Friday, February 26, 2010

The future of this enterprise.

The Order seemed to stand for great things - the spread of God's kingdom at every level. Chivarly was still a reality when I was a boy, and the Society of Jesus was to me a spiritual chivalry and a disciplined army. I came to see them as men formed in a great school, modeled on a noble pattern; and I thought if I could be that kind of man that they were . . . there was nothing better I could ask or do in life.

The man standing behind the lectern in the above photograph is Father Gerard F. Yates, S.J., who spent four decades as a professor and administrator at Georgetown University. The quotation below the photograph represents the answer that Father Yates once gave when asked to explain why he entered the Society of Jesus. I never knew Father Yates - he died eight months before I was born - but he was a part of my consciousness when I was a student at Georgetown. I knew him first as the namesake of Yates Field House, the student rec center, and I later came to know him in a different way after I purchased his Latin breviary at a library book sale. With creased and well-thumbed pages personalized with handwritten annotations and occasional holy cards serving as bookmarks, this old breviary offered mute but eloquent testimony to the life of prayer that anchored Father Yates' years of dedicated service as a scholar and teacher.

Though I never knew Father Yates in life, having known Jesuits like him helped me to discover my own vocation as a Jesuit. What inspired me most about the Jesuits I had as professors at Georgetown was their ability to harmonize the life of the spirit and the life of the mind. They were worldly in the best possible sense, able to combine a cosmopolitan sensibility with a genuine devotion to the values of the Gospel. If I had not encountered the Jesuits under these precise circumstances, I don't believe that I would have been able to hear the call to enter the Society of Jesus. If the first Jesuits that I met had not been scholars and college professors, I'm not sure that I would be a Jesuit today.

I've been thinking more about this topic lately on account of a story that ran in this week's edition of The Hawk, the Saint Joseph's University student newspaper, on a planned three-year process of reflection on the Catholic and Jesuit identity of the institution. Early in the text of the article, one of my brother Jesuits and fellow faculty members is quoted as follows:
"The day is coming, and I don't think there's any denying it, that there will only be a very few Jesuits here. . . . Anyone that thinks we're going to get back to days when we had even 30 Jesuits here is just naïve. I think it's likely that in my time here . . . we'll see only one or two Jesuits here. That's a fact, and that's something the school has to wrestle with."
The fact that the number of Jesuits is diminishing may be news to The Hawk, but it has been on Jesuit minds for quite a while. How to deal with shrinking numbers has been a topic of discernment and debate within the Society for decades. I was well aware of the situation even before I entered the Society; as a candidate, I had to ask myself whether I wanted to join an organization with a seemingly uncertain future. Summoning up the trust in providence that I needed in order to apply took a fair amount of effort on my part. On a practical level, though, the question remains a very challenging one: what will it be like to be one of a very few Jesuits working at a 'Jesuit' university?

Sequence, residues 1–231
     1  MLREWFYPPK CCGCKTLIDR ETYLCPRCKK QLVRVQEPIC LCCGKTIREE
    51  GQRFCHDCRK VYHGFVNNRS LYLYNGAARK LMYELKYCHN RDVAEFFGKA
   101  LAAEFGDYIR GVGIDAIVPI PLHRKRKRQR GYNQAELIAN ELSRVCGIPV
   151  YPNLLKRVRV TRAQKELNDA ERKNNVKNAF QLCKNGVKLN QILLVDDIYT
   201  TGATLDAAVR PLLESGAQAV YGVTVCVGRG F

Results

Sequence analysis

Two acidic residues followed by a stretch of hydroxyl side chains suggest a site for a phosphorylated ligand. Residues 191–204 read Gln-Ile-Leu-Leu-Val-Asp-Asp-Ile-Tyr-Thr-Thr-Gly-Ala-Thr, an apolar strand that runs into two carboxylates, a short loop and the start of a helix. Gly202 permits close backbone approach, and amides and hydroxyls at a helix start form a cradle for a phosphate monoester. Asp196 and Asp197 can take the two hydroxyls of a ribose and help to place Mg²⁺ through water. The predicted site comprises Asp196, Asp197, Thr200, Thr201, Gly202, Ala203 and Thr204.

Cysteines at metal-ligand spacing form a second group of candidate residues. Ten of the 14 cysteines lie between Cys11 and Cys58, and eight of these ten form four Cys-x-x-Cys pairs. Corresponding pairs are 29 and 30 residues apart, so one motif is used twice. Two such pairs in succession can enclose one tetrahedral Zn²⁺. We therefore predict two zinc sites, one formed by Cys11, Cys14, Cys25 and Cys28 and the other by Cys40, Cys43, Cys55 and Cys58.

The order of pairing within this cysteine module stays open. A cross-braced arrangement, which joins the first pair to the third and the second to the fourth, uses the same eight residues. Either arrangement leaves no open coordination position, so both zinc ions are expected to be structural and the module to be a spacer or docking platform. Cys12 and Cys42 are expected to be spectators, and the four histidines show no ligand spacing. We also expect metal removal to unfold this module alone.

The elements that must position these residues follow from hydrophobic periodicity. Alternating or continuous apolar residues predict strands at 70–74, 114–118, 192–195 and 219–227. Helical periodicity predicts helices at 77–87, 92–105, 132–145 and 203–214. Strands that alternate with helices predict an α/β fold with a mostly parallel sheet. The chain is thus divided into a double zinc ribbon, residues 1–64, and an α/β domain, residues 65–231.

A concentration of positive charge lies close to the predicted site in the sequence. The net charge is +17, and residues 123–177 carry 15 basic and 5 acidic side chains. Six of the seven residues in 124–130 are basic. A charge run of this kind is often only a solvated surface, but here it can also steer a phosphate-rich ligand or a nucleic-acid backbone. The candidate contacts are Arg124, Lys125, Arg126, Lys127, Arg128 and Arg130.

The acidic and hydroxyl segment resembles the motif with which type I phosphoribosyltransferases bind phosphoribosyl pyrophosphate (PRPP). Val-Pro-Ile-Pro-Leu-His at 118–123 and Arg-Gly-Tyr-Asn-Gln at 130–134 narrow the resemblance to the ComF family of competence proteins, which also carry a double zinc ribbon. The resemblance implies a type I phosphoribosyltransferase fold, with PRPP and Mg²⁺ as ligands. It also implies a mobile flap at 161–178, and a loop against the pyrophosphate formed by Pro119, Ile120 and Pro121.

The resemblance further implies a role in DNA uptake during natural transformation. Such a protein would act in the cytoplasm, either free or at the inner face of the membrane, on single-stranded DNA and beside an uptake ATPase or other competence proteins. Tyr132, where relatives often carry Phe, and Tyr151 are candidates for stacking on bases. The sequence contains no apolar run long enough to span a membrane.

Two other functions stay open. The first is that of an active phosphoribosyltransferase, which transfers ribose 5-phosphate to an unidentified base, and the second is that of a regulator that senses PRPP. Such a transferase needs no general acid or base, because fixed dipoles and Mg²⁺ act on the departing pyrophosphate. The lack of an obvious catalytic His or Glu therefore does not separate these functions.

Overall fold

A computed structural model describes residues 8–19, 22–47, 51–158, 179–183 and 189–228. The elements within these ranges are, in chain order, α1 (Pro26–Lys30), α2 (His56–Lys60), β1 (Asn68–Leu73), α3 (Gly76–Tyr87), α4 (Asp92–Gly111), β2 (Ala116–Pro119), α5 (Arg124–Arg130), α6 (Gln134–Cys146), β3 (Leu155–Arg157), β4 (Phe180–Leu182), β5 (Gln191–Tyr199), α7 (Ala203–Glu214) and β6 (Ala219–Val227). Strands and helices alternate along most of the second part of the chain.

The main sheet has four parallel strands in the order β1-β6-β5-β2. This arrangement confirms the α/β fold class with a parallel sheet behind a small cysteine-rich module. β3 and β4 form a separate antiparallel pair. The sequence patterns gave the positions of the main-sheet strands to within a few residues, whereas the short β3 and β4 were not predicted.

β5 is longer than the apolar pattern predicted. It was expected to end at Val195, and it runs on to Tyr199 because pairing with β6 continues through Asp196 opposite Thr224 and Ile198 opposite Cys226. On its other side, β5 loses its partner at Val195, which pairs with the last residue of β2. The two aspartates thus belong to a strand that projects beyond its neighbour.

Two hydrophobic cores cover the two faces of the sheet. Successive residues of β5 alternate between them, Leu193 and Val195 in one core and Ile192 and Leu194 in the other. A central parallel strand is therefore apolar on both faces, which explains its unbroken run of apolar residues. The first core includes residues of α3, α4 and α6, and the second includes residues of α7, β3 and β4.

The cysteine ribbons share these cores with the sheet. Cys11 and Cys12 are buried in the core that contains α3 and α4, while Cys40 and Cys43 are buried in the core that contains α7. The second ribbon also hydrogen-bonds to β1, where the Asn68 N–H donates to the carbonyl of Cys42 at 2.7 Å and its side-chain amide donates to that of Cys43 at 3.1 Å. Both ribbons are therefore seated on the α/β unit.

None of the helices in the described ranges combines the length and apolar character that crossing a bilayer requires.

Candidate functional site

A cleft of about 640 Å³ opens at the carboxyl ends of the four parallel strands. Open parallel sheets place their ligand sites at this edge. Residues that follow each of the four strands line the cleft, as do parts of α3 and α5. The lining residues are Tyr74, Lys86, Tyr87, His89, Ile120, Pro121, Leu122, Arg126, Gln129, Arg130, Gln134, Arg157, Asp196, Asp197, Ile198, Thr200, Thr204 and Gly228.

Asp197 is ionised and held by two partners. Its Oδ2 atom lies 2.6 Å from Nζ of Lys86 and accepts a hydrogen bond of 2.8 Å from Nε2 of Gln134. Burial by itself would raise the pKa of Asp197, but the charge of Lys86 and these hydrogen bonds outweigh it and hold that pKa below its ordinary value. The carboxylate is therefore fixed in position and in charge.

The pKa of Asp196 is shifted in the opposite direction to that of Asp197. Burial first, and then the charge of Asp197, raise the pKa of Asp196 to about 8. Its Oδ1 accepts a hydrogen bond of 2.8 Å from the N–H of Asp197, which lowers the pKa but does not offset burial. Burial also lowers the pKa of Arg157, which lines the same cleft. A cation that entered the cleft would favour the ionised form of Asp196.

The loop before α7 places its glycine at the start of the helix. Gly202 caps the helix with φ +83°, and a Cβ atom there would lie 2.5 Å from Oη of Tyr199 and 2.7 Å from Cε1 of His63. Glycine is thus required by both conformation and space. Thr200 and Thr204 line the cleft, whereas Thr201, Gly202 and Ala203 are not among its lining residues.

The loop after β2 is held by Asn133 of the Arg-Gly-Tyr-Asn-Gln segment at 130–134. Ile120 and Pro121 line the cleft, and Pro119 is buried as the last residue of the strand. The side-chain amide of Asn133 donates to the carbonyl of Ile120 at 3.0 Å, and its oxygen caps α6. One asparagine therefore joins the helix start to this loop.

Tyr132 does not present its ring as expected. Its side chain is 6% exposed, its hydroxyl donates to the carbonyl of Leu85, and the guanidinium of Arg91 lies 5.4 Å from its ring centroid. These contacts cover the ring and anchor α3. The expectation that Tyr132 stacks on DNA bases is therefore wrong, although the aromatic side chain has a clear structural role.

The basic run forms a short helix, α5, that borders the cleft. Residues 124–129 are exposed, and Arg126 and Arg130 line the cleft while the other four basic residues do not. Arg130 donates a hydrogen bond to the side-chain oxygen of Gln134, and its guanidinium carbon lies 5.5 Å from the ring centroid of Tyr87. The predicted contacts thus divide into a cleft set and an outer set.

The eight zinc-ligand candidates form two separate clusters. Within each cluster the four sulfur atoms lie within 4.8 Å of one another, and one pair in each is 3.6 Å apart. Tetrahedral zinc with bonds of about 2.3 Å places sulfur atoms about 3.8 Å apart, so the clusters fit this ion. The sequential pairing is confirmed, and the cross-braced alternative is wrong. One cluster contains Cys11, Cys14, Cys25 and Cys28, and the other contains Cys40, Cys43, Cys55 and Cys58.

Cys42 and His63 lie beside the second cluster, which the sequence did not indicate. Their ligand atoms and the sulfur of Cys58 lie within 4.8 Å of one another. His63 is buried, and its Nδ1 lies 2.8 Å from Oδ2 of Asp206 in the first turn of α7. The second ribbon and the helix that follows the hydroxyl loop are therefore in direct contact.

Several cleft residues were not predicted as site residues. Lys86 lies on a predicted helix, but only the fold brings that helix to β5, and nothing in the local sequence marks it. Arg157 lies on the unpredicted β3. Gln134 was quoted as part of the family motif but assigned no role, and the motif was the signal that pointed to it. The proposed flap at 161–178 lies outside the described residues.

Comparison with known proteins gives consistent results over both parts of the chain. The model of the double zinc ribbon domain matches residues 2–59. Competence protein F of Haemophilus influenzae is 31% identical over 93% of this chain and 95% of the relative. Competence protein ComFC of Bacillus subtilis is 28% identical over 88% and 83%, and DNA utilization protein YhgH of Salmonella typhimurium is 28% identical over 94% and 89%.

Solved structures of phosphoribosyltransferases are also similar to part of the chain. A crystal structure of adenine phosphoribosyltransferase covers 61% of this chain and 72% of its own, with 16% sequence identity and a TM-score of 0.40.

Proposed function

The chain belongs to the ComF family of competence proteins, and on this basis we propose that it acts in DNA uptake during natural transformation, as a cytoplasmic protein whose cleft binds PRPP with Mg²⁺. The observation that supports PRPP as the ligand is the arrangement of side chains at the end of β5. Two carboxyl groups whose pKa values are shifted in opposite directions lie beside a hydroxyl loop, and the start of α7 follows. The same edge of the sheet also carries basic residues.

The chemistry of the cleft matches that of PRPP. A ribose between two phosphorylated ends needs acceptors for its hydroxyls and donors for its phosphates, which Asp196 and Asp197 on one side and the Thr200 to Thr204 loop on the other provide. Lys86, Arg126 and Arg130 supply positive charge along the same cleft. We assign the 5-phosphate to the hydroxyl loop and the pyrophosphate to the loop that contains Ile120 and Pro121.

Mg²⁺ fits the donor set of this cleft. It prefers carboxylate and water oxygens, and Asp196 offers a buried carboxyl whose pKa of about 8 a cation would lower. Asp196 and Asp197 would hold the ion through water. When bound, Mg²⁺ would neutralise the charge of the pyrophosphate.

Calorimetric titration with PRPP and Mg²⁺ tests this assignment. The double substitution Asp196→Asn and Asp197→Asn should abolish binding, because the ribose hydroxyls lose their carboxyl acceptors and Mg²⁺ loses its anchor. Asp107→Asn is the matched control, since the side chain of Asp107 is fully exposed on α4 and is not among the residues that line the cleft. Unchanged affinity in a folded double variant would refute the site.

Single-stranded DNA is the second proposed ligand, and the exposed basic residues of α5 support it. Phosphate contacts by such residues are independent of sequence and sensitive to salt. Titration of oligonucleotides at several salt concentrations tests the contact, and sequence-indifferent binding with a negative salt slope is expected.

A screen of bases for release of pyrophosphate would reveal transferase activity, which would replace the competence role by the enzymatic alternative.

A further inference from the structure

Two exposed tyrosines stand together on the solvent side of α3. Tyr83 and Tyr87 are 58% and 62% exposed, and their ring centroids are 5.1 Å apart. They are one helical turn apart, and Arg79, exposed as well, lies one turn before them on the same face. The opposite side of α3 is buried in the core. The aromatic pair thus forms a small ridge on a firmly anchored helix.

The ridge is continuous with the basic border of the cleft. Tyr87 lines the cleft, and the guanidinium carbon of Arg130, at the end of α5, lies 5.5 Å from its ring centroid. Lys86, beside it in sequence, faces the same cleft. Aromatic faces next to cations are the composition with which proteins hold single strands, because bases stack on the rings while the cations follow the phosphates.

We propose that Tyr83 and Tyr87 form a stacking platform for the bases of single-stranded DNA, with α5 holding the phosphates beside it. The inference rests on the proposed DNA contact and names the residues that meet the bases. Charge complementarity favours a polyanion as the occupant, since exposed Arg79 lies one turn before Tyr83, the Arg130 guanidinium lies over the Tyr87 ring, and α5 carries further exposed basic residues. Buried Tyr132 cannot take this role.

Diminishment poses practical challenges for Jesuits as well as for the institutions in which we work. Discussions of the topic on an institutional level tend to focus on what diminishment means for the institution and devote relatively little attention to the question of what diminishment will mean for Jesuits who may seek to work at the institution in the future. The credibility and respect enjoyed by Jesuits in the schools that we founded depends in large part on relationships: lay administrators and faculty are more likely to value the future presence of Jesuit colleagues if they have had positive experiences with other Jesuits in the past. Once that personal connection is lost, it becomes harder to make a case that the presence of Jesuits really matters.

Some Jesuits approach the challenge of diminishment by suggesting that our task is to communicate the basics of what we're about to our lay colleagues and then disappear. Some who take this approach go so far as to argue that in some cases our lay colleagues understand 'the Jesuit thing' better than we do and can get along just fine without Jesuits around. In my experience, one hurdle that this argument can't overcome is the fact that many laypeople who really get 'the Jesuit thing' actually want us to stick around - they recognize that Jesuits bring something distinctive to the table, and they don't believe that they'll be able to inculcate similar enthusiasm in skeptical or indifferent colleagues without having some actual Jesuits around. It also bears mentioning that telling prospective Jesuits that our job is to disappear doesn't make for much of a vocation pitch.